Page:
What We Can Learn From The Japanese About Thriving In Winter

What We Can Learn From The Japanese About Thriving In Winter

Brie Dyas
Oct 24, 2017
(Image credit: Bartok Designs)

Fall has its beauty, but it can be a little too fleeting. Only too soon are we dealing with winter's bare trees, slush and seemingly never-ending cold weather. If there's a season where everyone deserves a little extra self-care, it's winter. Japanese culture has an age-old way to combat the chill, which we could all learn a lot from.

Those looking to ease into season need only to look at the Japanese custom of soaking in an "ofuro," a deep tub that submerges you in water for the ultimate in relaxation. Also called, appropriately enough, a Japanese soaking tub, the ofuro replicates the experience of soaking in one of the thousands of hot springs that dot the country.

(Image credit: Dwell)

The benefits are many, according to traditional ofuro maker Bartok Designs, who makes the tubs to order in Japan, then ships them all over the world. Their website lists all the ways that a 30-60 minute soak each day will leave you feeling energized, rejuvenated, and — importantly —relaxed. Above, Mjolk store owners have a beautiful Japanese hinoki soaking tub from Bartok, that complements the woodwork on the top part of the wall of their Toronto bathroom, as seen in Dwell.

(Image credit: WA Design)

Hinoki wood is the preferred material for the ofuro, as the aromatic cypress is both bacterial and rot-resistant and is thought to have healing properties. But they aren't the only option. This brushed metal tub in a bathroom by WA Design offers a more modern take on the traditional style.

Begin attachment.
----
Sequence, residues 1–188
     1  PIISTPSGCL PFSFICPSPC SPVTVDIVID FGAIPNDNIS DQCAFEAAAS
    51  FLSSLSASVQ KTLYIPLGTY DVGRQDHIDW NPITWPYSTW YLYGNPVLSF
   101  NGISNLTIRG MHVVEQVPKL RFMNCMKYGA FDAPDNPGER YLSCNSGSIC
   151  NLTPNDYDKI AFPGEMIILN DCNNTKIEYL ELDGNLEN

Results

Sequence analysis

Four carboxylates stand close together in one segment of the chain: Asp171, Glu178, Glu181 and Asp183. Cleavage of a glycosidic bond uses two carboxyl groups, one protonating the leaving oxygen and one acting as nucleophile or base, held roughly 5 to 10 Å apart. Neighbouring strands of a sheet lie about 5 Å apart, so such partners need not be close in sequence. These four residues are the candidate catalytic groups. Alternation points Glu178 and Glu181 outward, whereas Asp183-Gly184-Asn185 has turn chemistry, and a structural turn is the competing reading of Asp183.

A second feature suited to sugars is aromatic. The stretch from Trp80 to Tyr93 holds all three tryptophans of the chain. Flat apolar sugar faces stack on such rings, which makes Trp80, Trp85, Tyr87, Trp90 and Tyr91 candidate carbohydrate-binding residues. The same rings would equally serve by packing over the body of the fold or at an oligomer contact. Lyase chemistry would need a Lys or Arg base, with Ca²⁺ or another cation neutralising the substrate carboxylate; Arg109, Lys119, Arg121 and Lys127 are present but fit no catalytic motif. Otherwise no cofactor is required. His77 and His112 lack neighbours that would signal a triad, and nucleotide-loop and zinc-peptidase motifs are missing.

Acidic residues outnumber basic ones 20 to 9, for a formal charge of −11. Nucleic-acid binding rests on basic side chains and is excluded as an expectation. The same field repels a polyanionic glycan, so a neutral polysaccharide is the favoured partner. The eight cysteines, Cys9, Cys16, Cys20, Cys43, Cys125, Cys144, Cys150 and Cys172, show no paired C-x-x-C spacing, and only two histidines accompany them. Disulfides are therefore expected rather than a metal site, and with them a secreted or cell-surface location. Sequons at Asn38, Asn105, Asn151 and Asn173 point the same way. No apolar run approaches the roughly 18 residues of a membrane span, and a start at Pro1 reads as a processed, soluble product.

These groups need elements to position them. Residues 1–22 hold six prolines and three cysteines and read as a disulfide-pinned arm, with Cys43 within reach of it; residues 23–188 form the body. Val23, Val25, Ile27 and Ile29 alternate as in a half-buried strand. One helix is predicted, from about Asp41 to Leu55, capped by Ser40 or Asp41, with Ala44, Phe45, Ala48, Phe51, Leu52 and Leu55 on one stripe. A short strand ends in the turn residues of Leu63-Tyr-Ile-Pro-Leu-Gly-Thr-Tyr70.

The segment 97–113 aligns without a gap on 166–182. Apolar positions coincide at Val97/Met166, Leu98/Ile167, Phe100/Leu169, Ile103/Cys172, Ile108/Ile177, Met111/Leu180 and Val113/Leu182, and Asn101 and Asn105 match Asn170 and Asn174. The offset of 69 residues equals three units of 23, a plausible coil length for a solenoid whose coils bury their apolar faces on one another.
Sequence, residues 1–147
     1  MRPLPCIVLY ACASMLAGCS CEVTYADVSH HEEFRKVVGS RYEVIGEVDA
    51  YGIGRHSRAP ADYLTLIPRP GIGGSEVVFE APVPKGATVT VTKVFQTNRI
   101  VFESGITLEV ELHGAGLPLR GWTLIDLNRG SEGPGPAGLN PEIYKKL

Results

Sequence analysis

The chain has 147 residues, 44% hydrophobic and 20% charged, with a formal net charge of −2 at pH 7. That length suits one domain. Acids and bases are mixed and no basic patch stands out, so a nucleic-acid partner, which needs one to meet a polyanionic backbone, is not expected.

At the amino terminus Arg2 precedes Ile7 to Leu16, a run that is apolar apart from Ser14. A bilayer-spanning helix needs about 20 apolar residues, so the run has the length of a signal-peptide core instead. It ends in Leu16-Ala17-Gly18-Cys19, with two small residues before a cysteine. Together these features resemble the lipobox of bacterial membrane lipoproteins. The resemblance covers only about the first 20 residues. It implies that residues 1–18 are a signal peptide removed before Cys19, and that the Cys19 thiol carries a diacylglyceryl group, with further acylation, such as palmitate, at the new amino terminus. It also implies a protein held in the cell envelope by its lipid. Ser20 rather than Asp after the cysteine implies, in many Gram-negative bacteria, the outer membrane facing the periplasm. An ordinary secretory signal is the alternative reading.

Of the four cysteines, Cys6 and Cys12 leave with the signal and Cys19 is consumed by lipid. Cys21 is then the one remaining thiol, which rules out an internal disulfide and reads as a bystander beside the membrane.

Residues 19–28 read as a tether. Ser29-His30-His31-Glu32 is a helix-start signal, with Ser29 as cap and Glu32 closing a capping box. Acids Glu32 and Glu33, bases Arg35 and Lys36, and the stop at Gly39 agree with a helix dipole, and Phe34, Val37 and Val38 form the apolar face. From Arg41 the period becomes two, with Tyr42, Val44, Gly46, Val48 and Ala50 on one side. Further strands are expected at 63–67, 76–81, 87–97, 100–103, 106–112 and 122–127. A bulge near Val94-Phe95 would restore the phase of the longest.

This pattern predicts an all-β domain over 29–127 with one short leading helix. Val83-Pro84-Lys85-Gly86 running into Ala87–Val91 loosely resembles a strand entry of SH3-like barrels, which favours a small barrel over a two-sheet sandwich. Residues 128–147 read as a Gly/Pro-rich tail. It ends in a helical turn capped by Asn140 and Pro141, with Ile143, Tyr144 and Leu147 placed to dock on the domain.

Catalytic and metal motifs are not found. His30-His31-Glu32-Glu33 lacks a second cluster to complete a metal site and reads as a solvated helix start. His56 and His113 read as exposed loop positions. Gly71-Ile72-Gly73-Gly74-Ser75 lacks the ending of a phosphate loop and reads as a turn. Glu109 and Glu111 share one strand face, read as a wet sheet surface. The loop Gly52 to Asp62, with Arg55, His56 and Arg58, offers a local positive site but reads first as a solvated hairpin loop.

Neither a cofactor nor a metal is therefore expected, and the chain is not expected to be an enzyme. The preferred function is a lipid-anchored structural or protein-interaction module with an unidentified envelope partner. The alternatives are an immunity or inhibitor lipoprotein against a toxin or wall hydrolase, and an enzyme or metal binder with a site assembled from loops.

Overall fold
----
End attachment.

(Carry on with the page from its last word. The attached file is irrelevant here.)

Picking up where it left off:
(Image credit: Edmonds + Lee)

Even if you don't quite connect to the restorative spa idea, there are a number of really functional benefits to Japanese soaking tubs. For one, they are ideal for small bathrooms. Also, a Japanese soaking tub uses less water than a conventional tub (as long as it's a one- or two-person tub). This tub, for example, fits in a teeny tiny alcove in a San Francisco warehouse apartment designed by Edmonds & Lee. It fills via an overhead stream.

(Image credit: Design Indulgence)

And, even while you save space with these tubs, you don't sacrifice depth, as they allow you to fully submerge your body. This bathroom by Design Indulgence incorporates a Japanese soaking tub in a corner, and fits nicely alongside a traditional shower stall. (But we'd argue that it's the centerpiece of the design.)

(Image credit: Architectural Digest)

It's hard to believe that this calming little bathroom is in the middle of New York City — but it is, in Bette Midler's Manhattan penthouse (spotted on Architectural Digest). The oblong shaped tub —another traditional style — is reinforced with steel bands, almost like a old wooden barrel.

(Image credit: Dwell)

The entrance to the Japanese soaking tub sits at floor level in the bathroom of a modern California home, also seen in Dwell. Though it requires extra engineering, placing the tub low makes it far easier to step in for a soak. (Of course, this idea isn't for a bathroom used by kids.) The owners say they use it every day.

What do you think? Does the idea of an hour-long soak in one of these tubs sound like a soul saver this season?

moving--truck moving--dates moving--dolly moving--house moving--cal Created with Sketch. moving--apt